|2014 Armenian–Azerbaijani border clashes|
|Part of Nagorno-Karabakh conflict|
Nagorno-Karabakh RepublicTerritory controlled by the
|Casualties and losses|
|6 soldiers killed||13 soldiers killed|
Clashes on the Armenian–Azerbaijan border (Tavush–Qazakh) and the line of contact between the Nagorno-Karabakh and Azerbaijan started on 27 July 2014. Reported casualties of the clashes were some of the highest since the 1994 ceasefire agreement that ended the Nagorno-Karabakh War.
As the Soviet Union was dissolving, ethnic Armenians in Azerbaijan fought a brief conflict, backed by Armenia proper, that resulted in the de facto independence of Nagorno-Karabakh (NKR) alongside a 1994 ceasefire agreement and what academics have called a frozen conflict. At the same time, Azerbaijan controls the exclave of the Nakhichivan Autonomous Republic bordering Armenia that is not contiguous with its main territory.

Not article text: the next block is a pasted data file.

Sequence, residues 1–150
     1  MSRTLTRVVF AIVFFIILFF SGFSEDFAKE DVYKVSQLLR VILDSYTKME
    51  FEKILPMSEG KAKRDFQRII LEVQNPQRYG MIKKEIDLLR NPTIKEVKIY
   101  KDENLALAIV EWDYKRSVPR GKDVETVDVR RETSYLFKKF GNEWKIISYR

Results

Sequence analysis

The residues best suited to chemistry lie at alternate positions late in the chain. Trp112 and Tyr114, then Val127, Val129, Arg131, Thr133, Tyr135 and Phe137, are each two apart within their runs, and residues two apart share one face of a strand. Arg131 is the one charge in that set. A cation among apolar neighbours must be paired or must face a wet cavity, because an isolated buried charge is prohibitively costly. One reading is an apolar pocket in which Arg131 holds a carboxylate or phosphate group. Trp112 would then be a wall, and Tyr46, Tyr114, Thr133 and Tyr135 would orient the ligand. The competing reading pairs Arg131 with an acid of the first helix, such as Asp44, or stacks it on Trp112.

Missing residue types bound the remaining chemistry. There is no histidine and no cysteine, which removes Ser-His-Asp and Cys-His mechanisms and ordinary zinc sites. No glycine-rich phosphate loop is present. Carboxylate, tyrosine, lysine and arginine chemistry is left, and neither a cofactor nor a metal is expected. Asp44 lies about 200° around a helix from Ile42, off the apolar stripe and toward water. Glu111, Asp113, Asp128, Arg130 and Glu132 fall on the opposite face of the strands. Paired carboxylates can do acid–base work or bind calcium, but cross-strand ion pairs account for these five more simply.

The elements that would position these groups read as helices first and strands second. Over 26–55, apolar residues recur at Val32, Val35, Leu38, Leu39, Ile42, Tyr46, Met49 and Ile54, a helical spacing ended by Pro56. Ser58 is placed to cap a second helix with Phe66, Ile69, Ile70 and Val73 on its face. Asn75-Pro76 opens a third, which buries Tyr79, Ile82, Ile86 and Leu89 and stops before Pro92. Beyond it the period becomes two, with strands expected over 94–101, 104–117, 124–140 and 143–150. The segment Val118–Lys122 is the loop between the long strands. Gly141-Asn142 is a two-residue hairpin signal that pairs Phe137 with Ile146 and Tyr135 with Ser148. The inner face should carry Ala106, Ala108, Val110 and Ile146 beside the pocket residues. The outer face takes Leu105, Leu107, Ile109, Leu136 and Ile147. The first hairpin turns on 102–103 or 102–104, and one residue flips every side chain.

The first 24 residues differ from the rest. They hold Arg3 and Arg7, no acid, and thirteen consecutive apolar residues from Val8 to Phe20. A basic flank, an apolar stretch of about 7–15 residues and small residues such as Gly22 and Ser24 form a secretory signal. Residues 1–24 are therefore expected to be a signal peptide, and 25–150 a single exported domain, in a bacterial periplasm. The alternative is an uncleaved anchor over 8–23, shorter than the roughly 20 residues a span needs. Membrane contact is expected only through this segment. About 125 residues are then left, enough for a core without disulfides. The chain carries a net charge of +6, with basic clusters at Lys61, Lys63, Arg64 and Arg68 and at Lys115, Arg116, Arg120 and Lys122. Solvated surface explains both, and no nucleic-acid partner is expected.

Further, at the General Debate during the United Nations General Assembly, Armenia and Azerbaijan have regularly used their two allotted Rights of Reply for at least the last few years in argument over the conflict.
Azerbaijani forces reported twelve military casualties, eight of which were incurred by 1 August after three days of sporadic fighting and four more deaths occurred on 2 August. The Ministry of Defense of Nagorno-Karabakh reported, on 2 August, one military casualty that occurred overnight.